‘Pay it forward,’ County officials urge citizens to vote ‘Yes’ for the continuation of the 6 mill ad valorem tax
Published 5:50 pm Wednesday, June 8, 2022
For many, the June 21 primary runoff election is about selecting between Katie Britt or Mo Brooks for Alabama’s Republican candidate for U.S. Senator.
However, in Chambers County, there will be another critical box to check, the continuation of the 6 mill ad valorem tax. Three mills of this tax go to the two school districts, and the other three mills are put toward the county’s general fund for the construction and maintenance of roads in the county. On the ballot, a measure will appear that reads:
“Do you approve, pursuant to subsection (f) of Amendment No. 373 to the Constitution of Alabama of 1901, now appearing as subsection (f) of Section 217 of the Recompilation of the Constitution of Alabama of 1901 as amended, the imposition and extension for an additional period of twenty years at the conclusion of the ad valorem tax levied pursuant to Section 45-9-342, Code of Alabama 1975, of a countywide six (6) mill ad valorem tax wherein three (3) mills of said tax would be distributed to the county and city boards of education to be used for general education purposes and three (3) mills of said tax would be distributed to the county’s general fund to be used for the construction and maintenance of roads in the county? (Proposed by Act No. 2022-66), voters will have the choice of yes or no.”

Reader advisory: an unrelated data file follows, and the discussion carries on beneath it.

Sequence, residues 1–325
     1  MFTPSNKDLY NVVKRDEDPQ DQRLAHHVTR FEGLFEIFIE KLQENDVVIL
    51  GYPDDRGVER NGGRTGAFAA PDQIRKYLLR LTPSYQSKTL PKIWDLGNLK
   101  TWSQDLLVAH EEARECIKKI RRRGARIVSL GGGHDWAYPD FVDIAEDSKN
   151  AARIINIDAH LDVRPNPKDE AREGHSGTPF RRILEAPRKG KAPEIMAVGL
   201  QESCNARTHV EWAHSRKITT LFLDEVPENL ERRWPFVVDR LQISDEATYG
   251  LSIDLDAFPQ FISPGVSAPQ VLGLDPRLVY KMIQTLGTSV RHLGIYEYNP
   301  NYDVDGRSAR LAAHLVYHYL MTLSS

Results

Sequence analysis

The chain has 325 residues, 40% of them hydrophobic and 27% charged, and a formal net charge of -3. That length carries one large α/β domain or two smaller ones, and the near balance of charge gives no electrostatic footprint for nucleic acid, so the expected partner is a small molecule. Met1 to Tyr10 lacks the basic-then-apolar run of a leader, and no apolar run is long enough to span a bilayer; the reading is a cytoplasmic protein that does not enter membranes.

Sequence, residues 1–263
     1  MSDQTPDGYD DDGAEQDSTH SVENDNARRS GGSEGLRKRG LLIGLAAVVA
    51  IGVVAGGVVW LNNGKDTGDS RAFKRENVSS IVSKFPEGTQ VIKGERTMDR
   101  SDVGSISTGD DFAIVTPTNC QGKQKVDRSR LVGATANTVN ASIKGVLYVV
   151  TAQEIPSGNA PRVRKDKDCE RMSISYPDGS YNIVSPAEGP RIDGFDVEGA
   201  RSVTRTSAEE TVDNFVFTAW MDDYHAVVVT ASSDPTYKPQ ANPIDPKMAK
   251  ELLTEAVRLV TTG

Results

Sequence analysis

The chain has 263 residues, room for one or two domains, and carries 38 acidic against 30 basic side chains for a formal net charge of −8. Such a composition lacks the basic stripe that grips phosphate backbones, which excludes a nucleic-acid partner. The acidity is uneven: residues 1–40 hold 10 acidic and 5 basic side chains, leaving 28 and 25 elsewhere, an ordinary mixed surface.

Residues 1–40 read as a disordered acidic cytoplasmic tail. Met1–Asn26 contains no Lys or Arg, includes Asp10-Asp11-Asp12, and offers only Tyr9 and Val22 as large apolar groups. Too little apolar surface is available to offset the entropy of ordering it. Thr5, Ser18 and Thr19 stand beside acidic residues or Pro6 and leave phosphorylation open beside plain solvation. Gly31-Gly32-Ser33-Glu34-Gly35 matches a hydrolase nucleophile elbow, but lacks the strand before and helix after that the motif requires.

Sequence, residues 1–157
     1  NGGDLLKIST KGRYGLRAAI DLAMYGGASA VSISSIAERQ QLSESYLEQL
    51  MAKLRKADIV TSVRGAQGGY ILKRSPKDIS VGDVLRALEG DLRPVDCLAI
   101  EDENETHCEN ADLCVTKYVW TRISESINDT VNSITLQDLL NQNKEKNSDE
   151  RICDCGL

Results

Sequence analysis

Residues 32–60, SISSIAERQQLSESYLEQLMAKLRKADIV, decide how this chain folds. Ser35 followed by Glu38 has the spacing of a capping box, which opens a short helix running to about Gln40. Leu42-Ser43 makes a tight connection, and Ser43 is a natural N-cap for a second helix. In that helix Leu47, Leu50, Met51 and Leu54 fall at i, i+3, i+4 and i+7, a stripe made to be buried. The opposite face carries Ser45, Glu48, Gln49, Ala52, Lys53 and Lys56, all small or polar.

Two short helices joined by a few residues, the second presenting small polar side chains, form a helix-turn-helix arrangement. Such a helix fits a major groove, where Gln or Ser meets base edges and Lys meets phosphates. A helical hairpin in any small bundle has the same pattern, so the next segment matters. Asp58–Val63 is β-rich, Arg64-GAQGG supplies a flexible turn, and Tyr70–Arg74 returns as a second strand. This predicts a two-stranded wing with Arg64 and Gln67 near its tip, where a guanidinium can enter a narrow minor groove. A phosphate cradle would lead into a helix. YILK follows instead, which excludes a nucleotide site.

On Wednesday, the Chambers County Rules, Ways, and Means Committee held its meeting inside the Chambers County Development Authority offices where they hosted a presentation to discuss the important role this tax plays in the future of the county. Presenters included County Attorney Skip McCoy, Lanett City Schools Superintendent Jennifer Boyd, County Engineer Josh Harvill and Chambers County School District Superintendent Casey Chambley.
McCoy began the presentation with some history of the six mill tax and how it was received in 2003.
“Back in 2003, things in Chambers County [were] pretty difficult. The textile industry had died. The unemployment rate was at double digits. The county and city school systems both were in need of funding for programs and facilities, and the Chambers County road system was in dire straits for maintenance and construction,” McCoy said. “So, back in early 2003, the Chambers County Commission, we met and we discussed the problems that were facing Chambers County. And we looked at possible resolutions to address these problems. It quickly became apparent that the only way that the children and the people of Chambers County could be afforded what they deserve and what they needed was that [an] additional revenue measure had to be considered.”
On March 10, 2003, McCoy said the commission passed a resolution that allowed the people of Chambers County to vote to impose a six mill ad valorem tax, and in November 2003, 3,843 voters passed the ad valorem tax with 58% saying yes.
“The people who came out to vote spoke, and they spoke strongly, and they spoke loudly,” McCoy said.